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What is the best way to restore a single table from a large (~5GB) database mysqldump file?


update: I have found solutions (posted below) using command line tools to parse the table, but is there a way to do this with mysqlimport?

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Create a new user with access to only that table and then restore it using the newly created user with --force parameter. –  shantanuo Mar 13 '12 at 1:42
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2 Answers

up vote 5 down vote accepted

I have found two solutions, one using

grep -n "Table Structure" mydump.sql
# identify the first and last line numbers (n1 and n2) of desired table
sed -n n1,n2p mydump.sql > mytable.sql # (e.g. sed -n 48,112p)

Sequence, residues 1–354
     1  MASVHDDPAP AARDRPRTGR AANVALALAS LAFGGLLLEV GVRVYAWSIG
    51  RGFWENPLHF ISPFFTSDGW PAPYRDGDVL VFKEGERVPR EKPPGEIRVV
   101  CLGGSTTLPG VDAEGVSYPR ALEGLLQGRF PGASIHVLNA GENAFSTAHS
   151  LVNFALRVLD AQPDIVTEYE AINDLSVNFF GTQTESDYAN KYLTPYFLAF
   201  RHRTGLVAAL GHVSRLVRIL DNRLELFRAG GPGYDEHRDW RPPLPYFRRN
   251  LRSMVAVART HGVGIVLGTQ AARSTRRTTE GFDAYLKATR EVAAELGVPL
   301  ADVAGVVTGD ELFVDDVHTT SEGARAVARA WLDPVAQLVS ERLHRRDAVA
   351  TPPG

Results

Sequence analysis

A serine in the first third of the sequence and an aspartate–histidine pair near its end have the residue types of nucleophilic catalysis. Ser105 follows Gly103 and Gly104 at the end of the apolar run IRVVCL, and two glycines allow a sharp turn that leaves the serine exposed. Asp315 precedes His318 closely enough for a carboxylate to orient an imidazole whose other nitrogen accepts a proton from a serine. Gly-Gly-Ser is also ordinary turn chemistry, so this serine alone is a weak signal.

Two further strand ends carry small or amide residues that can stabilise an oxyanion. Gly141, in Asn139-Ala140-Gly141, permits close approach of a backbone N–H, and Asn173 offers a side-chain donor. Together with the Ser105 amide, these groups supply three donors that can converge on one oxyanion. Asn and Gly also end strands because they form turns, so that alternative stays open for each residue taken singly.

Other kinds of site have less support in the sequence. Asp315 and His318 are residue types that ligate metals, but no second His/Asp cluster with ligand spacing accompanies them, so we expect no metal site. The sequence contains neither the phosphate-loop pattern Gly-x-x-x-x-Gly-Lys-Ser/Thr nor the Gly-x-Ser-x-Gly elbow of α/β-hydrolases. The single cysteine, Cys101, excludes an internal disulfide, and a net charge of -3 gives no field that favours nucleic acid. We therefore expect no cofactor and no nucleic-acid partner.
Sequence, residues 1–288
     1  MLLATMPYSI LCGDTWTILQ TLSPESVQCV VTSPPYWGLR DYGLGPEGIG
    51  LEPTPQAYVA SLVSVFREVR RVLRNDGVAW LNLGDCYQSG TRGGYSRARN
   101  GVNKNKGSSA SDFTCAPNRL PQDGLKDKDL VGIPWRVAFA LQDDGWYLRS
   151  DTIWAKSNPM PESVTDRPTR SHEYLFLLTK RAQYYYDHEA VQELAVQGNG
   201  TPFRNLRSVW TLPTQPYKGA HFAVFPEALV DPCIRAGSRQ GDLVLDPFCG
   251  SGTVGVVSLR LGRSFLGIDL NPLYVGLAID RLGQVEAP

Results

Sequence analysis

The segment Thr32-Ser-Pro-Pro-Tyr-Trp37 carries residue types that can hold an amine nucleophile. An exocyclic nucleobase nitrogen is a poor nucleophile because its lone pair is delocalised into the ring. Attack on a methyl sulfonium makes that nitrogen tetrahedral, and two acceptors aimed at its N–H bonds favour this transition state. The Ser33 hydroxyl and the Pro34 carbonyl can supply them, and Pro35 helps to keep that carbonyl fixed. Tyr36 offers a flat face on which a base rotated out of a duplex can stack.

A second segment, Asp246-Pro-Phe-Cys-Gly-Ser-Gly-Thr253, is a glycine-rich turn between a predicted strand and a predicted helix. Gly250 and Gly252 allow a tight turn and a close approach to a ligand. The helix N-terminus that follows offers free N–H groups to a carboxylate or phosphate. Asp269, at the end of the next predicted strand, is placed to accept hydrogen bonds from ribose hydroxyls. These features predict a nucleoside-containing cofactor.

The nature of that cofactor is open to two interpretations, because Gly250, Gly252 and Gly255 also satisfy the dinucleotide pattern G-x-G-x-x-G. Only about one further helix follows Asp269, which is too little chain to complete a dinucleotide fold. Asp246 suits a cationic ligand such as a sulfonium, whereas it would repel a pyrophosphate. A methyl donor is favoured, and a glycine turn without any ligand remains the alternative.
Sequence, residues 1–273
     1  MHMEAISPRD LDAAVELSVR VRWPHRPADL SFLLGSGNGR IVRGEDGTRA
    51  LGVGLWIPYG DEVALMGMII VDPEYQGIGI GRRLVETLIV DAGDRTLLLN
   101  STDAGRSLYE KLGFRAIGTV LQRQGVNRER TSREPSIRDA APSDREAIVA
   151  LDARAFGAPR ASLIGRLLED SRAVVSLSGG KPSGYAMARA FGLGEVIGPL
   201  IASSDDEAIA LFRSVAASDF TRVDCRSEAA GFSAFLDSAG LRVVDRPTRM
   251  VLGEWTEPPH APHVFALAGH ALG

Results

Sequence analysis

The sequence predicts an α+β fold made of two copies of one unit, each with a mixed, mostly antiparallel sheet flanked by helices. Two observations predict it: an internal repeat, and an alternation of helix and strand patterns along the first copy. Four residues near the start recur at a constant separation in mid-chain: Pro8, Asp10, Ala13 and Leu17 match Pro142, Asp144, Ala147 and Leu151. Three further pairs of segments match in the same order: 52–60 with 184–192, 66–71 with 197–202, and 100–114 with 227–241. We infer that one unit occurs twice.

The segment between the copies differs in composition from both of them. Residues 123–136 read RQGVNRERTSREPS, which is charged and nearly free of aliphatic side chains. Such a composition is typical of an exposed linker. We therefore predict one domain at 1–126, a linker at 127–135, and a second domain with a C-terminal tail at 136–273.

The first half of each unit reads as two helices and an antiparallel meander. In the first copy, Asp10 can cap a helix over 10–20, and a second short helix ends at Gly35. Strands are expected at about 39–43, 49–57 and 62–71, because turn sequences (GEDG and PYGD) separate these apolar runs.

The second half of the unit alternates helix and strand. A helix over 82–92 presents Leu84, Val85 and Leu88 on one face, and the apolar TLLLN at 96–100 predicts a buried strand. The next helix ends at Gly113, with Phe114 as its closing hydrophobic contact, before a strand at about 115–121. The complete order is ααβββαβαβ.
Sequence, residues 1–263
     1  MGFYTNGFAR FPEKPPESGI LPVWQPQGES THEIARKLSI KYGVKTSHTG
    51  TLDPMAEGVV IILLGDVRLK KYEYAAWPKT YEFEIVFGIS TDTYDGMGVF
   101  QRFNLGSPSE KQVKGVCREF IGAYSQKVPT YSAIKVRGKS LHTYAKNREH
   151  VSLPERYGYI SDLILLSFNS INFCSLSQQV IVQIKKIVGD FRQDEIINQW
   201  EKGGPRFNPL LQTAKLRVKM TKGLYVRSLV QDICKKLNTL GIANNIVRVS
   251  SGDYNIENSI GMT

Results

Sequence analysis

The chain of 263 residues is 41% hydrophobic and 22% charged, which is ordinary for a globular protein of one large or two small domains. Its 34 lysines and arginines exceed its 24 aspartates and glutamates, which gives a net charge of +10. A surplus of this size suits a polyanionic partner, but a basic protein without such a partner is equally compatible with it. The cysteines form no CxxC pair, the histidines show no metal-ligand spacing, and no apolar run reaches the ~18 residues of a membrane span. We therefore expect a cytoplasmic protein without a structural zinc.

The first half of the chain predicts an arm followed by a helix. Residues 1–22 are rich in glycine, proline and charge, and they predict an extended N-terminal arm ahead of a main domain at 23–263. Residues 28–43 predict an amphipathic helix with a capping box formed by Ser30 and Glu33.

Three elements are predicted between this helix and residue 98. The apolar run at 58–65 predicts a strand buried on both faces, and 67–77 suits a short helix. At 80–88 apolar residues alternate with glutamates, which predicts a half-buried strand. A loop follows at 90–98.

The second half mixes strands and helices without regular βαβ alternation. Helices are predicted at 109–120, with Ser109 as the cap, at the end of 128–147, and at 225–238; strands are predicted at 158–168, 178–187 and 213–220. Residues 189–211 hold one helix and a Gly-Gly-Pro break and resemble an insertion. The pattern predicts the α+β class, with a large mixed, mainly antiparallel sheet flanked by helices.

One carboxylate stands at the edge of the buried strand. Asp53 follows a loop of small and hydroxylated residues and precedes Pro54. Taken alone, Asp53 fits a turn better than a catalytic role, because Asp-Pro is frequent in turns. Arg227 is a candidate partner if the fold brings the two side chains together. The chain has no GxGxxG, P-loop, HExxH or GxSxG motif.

and one using awk

awk '/Table Structure for table .table1./, /Table structure for table .cultivars./{print}' mydump.sql > mytable.sql
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Many sysadmins that have to manhandle mysql thrive on stuff like this. +1 !!! –  RolandoMySQLDBA Mar 9 '12 at 22:34
    
Neither of these work. The sed solution yields an error: sed: -e expression #1, char 6: unknown command: ',', and the awk solution yields an empty file. –  CaptSaltyJack Jun 19 '13 at 16:11
    
Correct sed command is: sed -n n1,n2p mydump.sql > mytable.sql (e.g. sed -n 48,112p) –  CaptSaltyJack Jun 19 '13 at 16:19
    
@CaptSaltyJack thanks for the clarification I have updated my answer –  David Jun 19 '13 at 16:22
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This approach does not get around the issue of having to import a large mysqldumpfile, but from within Mysql you can do the following:

  1. restore entire dump

     mysql fakedb < mydump.sql
    
  2. delete contents of current table

     mysql
     delete from production.target_table;
    
  3. insert from backup table

    insert into production.target_table select * from fakedb.targettable;
    
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For step1, make sure DROP DATABASE is not included. Otherwise, your way works for smaller databases. +1 !!! –  RolandoMySQLDBA Mar 9 '12 at 22:34
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